Bug 100589 - Stale /usr/share/fonts/fonts.cache-1 blocking fonts caching
Summary: Stale /usr/share/fonts/fonts.cache-1 blocking fonts caching
Alias: None
Product: Red Hat Linux Beta
Classification: Retired
Component: fontconfig
Version: beta1
Hardware: i386
OS: Linux
Target Milestone: ---
Assignee: Owen Taylor
QA Contact:
Depends On:
Blocks: CambridgeTarget
TreeView+ depends on / blocked
Reported: 2003-07-23 16:15 UTC by Michel Alexandre Salim
Modified: 2007-04-18 16:56 UTC (History)
1 user (show)

Fixed In Version:
Doc Type: Bug Fix
Doc Text:
Clone Of:
Last Closed: 2004-08-03 23:03:54 UTC

Attachments (Terms of Use)

Description Michel Alexandre Salim 2003-07-23 16:15:23 UTC
Description of problem:
If new fonts are added under a new subdirectory under /usr/share/fonts (e.g.
installing bitstream-vera-fonts after Severn is installed), the fonts won't be
available even after running fc-cache unless fonts.cache-1 is removed first.

Version-Release number of selected component (if applicable):

How reproducible:

Steps to Reproduce:
1. Create a new subdir, say 'test' under /usr/share/fonts/test
2. Copy a TTF file into said directory
3. Run 'fc-cache /usr/share/fonts'
Actual results:
cat'ing /usr/share/fonts/fonts.cache-1 does not list new 'test' directory - no
fonts.cache-1 created in 'test' either

Expected results:
/usr/share/fonts/fonts.cache-1 updated, fonts.cache-1 created in test as well,
new font available to fontconfig apps

Additional info:
/usr/share/fonts/fonts.cache-1 needs deletion before running fc-cache, then
everything works.

Comment 1 Owen Taylor 2003-07-23 16:55:21 UTC
Quick check - your system time is reasonable and was reasonable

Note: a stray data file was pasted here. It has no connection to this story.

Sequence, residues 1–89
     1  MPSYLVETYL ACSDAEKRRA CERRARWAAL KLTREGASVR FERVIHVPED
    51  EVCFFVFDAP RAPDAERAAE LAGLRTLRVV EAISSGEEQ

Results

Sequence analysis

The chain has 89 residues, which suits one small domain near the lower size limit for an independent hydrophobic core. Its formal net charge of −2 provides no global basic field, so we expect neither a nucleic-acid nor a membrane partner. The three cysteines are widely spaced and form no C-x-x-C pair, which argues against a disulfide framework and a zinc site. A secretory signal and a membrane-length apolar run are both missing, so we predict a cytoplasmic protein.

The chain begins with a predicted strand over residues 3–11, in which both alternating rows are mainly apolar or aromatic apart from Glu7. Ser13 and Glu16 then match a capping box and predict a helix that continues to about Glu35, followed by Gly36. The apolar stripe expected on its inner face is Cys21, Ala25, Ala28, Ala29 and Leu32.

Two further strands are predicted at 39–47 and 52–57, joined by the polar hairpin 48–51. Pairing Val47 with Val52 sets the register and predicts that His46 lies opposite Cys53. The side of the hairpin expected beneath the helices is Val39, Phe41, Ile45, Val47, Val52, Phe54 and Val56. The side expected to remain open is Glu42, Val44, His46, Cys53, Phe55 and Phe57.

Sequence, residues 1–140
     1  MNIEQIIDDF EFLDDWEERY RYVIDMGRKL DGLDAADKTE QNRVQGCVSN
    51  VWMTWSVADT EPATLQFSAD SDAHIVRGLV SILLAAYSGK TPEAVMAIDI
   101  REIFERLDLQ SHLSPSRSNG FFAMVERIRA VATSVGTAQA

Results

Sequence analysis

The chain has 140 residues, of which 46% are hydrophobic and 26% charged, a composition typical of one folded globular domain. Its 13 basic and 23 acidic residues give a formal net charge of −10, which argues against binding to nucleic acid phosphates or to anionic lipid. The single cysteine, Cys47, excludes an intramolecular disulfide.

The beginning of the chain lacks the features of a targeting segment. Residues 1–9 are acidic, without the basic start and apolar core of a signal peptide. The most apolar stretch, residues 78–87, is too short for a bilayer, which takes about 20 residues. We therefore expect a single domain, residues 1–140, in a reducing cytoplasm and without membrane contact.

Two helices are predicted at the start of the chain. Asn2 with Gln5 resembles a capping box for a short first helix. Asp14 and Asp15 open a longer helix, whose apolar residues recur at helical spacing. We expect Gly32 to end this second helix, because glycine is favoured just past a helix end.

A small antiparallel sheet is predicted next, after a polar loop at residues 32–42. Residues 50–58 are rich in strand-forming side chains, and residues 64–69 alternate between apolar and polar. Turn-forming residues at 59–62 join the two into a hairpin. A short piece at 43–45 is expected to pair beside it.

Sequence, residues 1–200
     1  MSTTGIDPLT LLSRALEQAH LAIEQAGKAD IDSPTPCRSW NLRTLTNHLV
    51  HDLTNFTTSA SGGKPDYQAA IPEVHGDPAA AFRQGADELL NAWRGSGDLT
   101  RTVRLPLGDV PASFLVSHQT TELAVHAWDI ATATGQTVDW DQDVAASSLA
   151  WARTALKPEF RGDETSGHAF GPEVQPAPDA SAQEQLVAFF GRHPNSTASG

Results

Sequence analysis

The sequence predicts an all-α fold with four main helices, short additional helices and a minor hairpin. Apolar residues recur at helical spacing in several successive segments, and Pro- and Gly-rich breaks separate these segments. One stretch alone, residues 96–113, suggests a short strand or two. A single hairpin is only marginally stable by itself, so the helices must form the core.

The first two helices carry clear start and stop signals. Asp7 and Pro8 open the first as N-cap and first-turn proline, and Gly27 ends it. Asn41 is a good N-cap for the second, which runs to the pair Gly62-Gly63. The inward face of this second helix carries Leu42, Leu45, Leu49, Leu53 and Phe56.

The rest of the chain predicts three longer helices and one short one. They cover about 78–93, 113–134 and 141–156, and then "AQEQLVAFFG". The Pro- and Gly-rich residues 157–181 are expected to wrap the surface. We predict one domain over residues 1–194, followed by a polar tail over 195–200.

during the install?

Comment 2 Michel Alexandre Salim 2003-07-23 17:03:33 UTC
Ah ! Err... guess that's it then. My clock is always NTP'ed, that's why I did
not suspect clock skew. I dual-boot with XP so I could not set system time to UTC.

Now to think of it, there *was* that warning that came up when starting sendmail
saying modification time is in the future.

But wait. My timezone is UTC+7, how did I manage to get future modification
time? Oh, timestamps are stored in UTC time...

Should I file a bug for Anaconda instead, an RFE asking for timezone selection
to be brought forward? A quick hack would be to set the system day back one day
before install, but that's.. ugh.

Comment 3 Owen Taylor 2003-07-23 18:29:12 UTC
Hmmm, the installer does have time zone selection, so if your
system clock is set to the right time (or approximately the
right time) then things should be fine.

Maybe you simply forgot to set the timezone during install?
If that was the case, then you'd get timestamps in the future
because I think the default is US/Eastern which is -0400, so
all your timestamps would be 11 hours in the future.

Comment 4 Michel Alexandre Salim 2003-07-24 04:07:18 UTC
I do not think I forgot the timezone twice in a row - in fact I am fairly
certain I selected it both times. What I reckon happened is that RPMs were
installed before timezone is selected, and say I do the install around 12pm UTC,
that is, 7pm Western Indonesia Time. The system thought my time was UTC because
I have not told it otherwise, so all files are stamped 7pm *UTC*. Then after
install is finished, Linux knows to subtract 7 hours from the reported hardware
time to get UTC time, so the filestamps are 7 hours in the future since in
reality it is still 12pm UTC.

Hope that made sense. Certainly explains why I get that sendmail warning quite
often after new installs - so, Anaconda bug?

Comment 5 Owen Taylor 2003-07-24 14:09:40 UTC
Cc'ing Jeremy Katz in case I'm wrong, but I believe the timezone setting
does take effect *before* the files are installed. There are many
reasons why you want timestamps right for package installation.

So, I think something else is going wrong with your install procedure;
perhaps your system clock is simply way off, and you haven't noticed
because you are using NTP?

Comment 6 Michel Alexandre Salim 2003-07-25 03:45:30 UTC
Rather unlikely; the software clock is saved to hardware when shutting down, and
since I did two installs one day after another, my clock has to be severely
dysfunctional to go off by a few hours in such a time span.

[michel@bushido michel]$ /usr/sbin/hwclock && date
Fri 25 Jul 2003 10:43:10 WIT  -0.968829 seconds
Fri Jul 25 10:43:09 WIT 2003

This is rather bizarre indeed...

Comment 7 Owen Taylor 2004-08-03 23:03:54 UTC
Closing as NOTABUG since I don't think there will be any more
useful information at this point.

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